Parents Are Highly Involved in Their Adult Children’s Lives, and Fine With It

American parenting has become more involved — requiring more time, money and mental energy — not just when children are young, but well into adulthood.

The popular conception has been that this must be detrimental to children — with snowplow parents clearing obstacles and ending up with adult children who have failed to launch, still dependent upon them.

But two new Pew Research Center surveys — of young adults 18 to 34 and of parents of children that age — tell a more nuanced story. Most parents are in fact highly involved in their grown children’s lives, it found, texting several times a week and offering advice and financial support. Yet in many ways, their relationships seem healthy and fulfilling.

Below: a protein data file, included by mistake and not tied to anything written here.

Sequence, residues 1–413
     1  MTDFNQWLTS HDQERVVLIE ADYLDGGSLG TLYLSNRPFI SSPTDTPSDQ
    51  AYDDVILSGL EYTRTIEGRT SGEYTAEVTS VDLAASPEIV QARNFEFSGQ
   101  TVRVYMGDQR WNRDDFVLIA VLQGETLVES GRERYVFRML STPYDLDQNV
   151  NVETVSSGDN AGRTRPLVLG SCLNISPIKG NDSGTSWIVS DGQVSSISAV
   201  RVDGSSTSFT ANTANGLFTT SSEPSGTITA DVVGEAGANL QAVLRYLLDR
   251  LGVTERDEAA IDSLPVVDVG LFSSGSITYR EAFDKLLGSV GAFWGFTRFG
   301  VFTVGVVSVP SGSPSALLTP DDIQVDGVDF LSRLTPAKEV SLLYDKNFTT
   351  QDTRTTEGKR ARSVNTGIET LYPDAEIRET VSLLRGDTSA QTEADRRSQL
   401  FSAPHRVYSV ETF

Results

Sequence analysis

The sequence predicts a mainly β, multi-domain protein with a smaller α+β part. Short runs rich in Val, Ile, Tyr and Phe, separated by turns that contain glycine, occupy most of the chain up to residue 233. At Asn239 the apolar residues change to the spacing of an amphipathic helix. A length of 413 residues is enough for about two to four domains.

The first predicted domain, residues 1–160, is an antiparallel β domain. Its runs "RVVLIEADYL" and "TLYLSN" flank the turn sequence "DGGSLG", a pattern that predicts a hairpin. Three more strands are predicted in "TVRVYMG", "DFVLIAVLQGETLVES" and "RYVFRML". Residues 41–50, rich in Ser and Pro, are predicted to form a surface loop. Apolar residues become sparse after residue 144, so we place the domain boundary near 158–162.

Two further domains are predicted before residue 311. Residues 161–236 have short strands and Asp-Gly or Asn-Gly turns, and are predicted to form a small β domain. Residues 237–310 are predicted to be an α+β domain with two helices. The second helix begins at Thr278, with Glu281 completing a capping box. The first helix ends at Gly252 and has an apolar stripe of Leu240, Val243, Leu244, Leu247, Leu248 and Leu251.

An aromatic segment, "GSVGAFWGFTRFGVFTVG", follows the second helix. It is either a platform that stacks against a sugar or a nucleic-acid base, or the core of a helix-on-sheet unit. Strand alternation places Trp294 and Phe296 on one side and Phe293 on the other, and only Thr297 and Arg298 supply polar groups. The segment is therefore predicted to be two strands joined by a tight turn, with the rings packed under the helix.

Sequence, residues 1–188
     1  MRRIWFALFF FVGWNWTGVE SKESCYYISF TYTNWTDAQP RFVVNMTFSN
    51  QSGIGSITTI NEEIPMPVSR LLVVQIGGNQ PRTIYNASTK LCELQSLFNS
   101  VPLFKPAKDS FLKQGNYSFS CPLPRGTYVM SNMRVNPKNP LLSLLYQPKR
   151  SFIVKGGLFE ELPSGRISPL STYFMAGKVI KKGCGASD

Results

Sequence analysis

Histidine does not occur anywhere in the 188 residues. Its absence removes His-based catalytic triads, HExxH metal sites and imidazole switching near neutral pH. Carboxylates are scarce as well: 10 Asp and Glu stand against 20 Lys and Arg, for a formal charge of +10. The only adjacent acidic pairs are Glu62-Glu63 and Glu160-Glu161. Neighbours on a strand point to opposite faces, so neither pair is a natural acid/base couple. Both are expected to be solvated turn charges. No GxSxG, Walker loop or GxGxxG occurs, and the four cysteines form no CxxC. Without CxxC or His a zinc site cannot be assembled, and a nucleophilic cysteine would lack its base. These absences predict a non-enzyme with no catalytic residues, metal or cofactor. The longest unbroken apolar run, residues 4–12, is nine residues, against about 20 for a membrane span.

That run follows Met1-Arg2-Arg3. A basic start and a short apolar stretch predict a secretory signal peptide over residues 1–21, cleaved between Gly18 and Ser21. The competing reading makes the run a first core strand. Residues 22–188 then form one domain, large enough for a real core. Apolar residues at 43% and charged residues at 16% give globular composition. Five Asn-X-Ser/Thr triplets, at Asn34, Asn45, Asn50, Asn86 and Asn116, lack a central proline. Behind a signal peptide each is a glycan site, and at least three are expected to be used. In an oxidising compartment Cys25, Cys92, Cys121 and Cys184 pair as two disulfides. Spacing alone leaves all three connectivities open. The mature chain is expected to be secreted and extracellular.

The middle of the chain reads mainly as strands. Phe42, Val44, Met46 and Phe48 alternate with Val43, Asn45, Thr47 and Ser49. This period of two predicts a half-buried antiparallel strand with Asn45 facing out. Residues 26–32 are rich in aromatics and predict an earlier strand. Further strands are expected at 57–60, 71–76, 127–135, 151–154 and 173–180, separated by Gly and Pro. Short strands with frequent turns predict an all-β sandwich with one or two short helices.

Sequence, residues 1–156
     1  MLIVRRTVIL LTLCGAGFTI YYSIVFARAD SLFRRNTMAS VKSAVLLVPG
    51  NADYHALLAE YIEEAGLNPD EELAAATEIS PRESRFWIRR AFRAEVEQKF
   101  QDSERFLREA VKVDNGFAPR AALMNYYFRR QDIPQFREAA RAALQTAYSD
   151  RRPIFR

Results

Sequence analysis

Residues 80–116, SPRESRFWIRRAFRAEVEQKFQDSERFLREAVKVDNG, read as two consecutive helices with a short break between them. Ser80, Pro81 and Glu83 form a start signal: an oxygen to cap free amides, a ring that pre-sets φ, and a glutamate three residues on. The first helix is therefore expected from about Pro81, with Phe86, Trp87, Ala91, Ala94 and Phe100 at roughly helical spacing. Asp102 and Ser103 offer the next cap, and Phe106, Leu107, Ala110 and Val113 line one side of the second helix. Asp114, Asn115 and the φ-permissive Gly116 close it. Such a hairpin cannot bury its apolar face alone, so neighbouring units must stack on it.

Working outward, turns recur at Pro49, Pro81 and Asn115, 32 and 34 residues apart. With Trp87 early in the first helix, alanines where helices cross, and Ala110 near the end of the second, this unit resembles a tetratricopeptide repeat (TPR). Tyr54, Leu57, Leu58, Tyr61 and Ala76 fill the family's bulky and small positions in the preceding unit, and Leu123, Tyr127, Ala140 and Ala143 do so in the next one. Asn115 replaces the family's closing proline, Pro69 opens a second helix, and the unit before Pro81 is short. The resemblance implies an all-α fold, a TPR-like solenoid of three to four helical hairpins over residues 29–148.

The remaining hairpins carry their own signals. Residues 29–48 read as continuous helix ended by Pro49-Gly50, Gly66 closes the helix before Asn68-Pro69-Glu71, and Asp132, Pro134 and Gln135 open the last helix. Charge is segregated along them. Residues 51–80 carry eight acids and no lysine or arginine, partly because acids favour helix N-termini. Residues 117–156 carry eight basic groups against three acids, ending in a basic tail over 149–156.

Nine in 10 parents rate their relationships with their young adult children as good or excellent, and so do eight in 10 young adults. Rather than feeling worried or disappointed about how things are going in their children’s lives, eight in 10 parents say they feel proud and hopeful.

“These parents, who are Gen X, are more willing to say, ‘Hey, this is good, I like these people, they’re interesting, they’re fun to be with,’” said Karen L. Fingerman, a professor at the University of Texas at Austin who studies adults’ relationships with their families.

As for the adult children, she said, “You get advice from a 50-year-old with life experience who is incredibly invested in you and your success.”

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